CSE 457: Intro to Computer Graphics
Project 4: Animate
Date Assigned: Monday, November 24, 1997
Date Due: Wednesday, Dec 10, 1997
This project is designed to introduce you to splines and how they are used for
animation. There are two parts to this assignment; please get your splines
checked off by a TA before moving onto the artifact.
The user interface for the animator program will allow the user to vary
any parameter within the scene. All scene nodes are displayed in a text tree in
one window. A node that is selected from this window will have its field
values varied over time according to lines displayed in the curve window. The
curve window shows a line that can be adjusted by clicking and dragging its
control points. The x-axis represents time and the y-axis is the parameter
value, so each control point corresponds to a position at an instance in time.
Two views of the scene being animated are below the curve window. You can view
the scene at any frame by moving the current frame marker in the curve
window. You can change your geometrical viewpoint by clicking inside the scene
window or preview your animation using the play, pause, rewind and fast
forward buttons below the scene views.
Currently, the system is incomplete. You will need to implement some
routines for the curve window portion of the interface. So far, linear
interpolation is the only type of 'curve' implemented. Linear interpolation is
how VRML animates. A line segment is drawn between adjacent control points, and
the parameter value is evaluated along that line for every time between the two
control points. You will improve upon this system by ading the capability for
a parameter to be evaluated along a curve, thus giving smoother movement to
There is a Curve class defined in Curve.h which you will find useful.
Your code belongs in EvaluateCurve.C. You will need to write one routine
that that takes as inputs
The function should output the curve value y* at time t*.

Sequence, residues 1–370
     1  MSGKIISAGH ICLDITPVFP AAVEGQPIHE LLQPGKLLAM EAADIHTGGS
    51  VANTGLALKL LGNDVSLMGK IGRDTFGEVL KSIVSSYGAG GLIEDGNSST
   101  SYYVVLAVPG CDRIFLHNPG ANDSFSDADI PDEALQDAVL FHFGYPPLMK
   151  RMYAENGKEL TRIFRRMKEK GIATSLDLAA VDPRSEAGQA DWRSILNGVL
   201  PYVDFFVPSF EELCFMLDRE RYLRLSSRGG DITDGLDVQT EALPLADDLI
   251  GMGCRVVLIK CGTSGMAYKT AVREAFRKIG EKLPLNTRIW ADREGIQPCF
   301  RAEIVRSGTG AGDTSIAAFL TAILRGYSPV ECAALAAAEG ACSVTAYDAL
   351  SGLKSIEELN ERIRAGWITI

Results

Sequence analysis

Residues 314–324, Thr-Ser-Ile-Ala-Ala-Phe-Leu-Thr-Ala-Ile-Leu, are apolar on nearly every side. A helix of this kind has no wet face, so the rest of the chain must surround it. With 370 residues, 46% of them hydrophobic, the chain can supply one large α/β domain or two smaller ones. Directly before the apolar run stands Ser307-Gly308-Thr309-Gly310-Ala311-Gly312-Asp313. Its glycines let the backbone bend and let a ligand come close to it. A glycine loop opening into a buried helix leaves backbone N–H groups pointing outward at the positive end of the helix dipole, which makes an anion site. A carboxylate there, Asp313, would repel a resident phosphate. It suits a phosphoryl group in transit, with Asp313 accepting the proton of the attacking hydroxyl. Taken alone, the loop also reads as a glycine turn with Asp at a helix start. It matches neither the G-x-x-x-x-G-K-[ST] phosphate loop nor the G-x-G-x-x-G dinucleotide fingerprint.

- The number of control points (for Bezier curves you can assume
the number is a multiple of four)
- An array of 2-dimensional control points
- A "curveType" : either "Bezier", "Bspline", "CatmullRom" or
- A flag "wrap" indicating weather or not the animation is cyclic
(i.e., weather the control points should wrap around).
- A time t* at which to evaluate the curve
To do this, the function needs to search for the curve segment i
such that t[i] <= t* <= t[i+1]. It then needs to find the value of u such
that t[u] = t* and then output y[u]. You could do this second part using
binary search on the interval 0 <= u <= 1.
C2-interpolating splines have an extra two degrees of freedom that are
unspecified by the control points. Probably the simplest way to handle
this is by drawing what was referred to in class as "natural"
C2-interpolating splines, that is, let the derivatives at the two
endpoints be equal to zero. There are other valid ways to handle this,
see the bells and whistels section.
Time needs to be
monotonically increasing. It doesn't make sense to have something moving
backwards in time, or you can think of it that every point in time needs to
correspond to exactly one parameter value. Note that for interpolating
curves (type "CatmullRom" or "C2interpolating"), the condition that the
t values of the control points does not necessarily ensure that the
curve itself will also monotonically increase in t. You should
recognize this case and remind the user to move the control points.
Get this much ok'd by a TA before continuing.
You will eventually use the curve editor to produce an animated
artifact for this project. Each person must turn in their own artifact. We may
give extra credit to those that are exceptionally clever or aesthetically
pleasing. Try to use the ideas discussed in lecture, such as: anticipation,
follow-through, squash and stretch, and secondary motion.
Note: You need to remove all PROTO's, scripts, events, routes, textures,
and interpolaters from your VRML file before feeding it to the animator.
If you need to, you can add them back in once the spline animator has worked
Bells and Whistles
Enhance the requred spline options
- Implement higher degree polynomial splines (ones that
are C3 or C4 continuous)
- Implement C2-interpolating splines allowing the user
to specify the derivatives at the two endpoints
- Let the user control the tension of the Catmull-Rom
- Add the ability to display cubic Bezier curves so
that the two "inner" control points appear as "handles" on the
interpolated "outer" points. (This would appear more intuitive to the
- Add options to the user interface to enforce C0 or C1
coninuity between adjacent Bezier curve segments automatically. (It
should also be possible to override this feature in cases where you don't
want this type of continuity.)
- Add the ability to add a new control point to any
curve type without changing the curve at all.
- Re-evaluate just the portion of the curve that
changes whne a given control point is manipulated, rather than the whole
- Use a faster curve evaluation function than binary
you find something you don't like about the interface, or something you
think you could do better, change it! Any really good changes will be
incorporated into Animator2.0.
When you are finished with this assignment, type "make clean" to clean up
unnecessary disk space.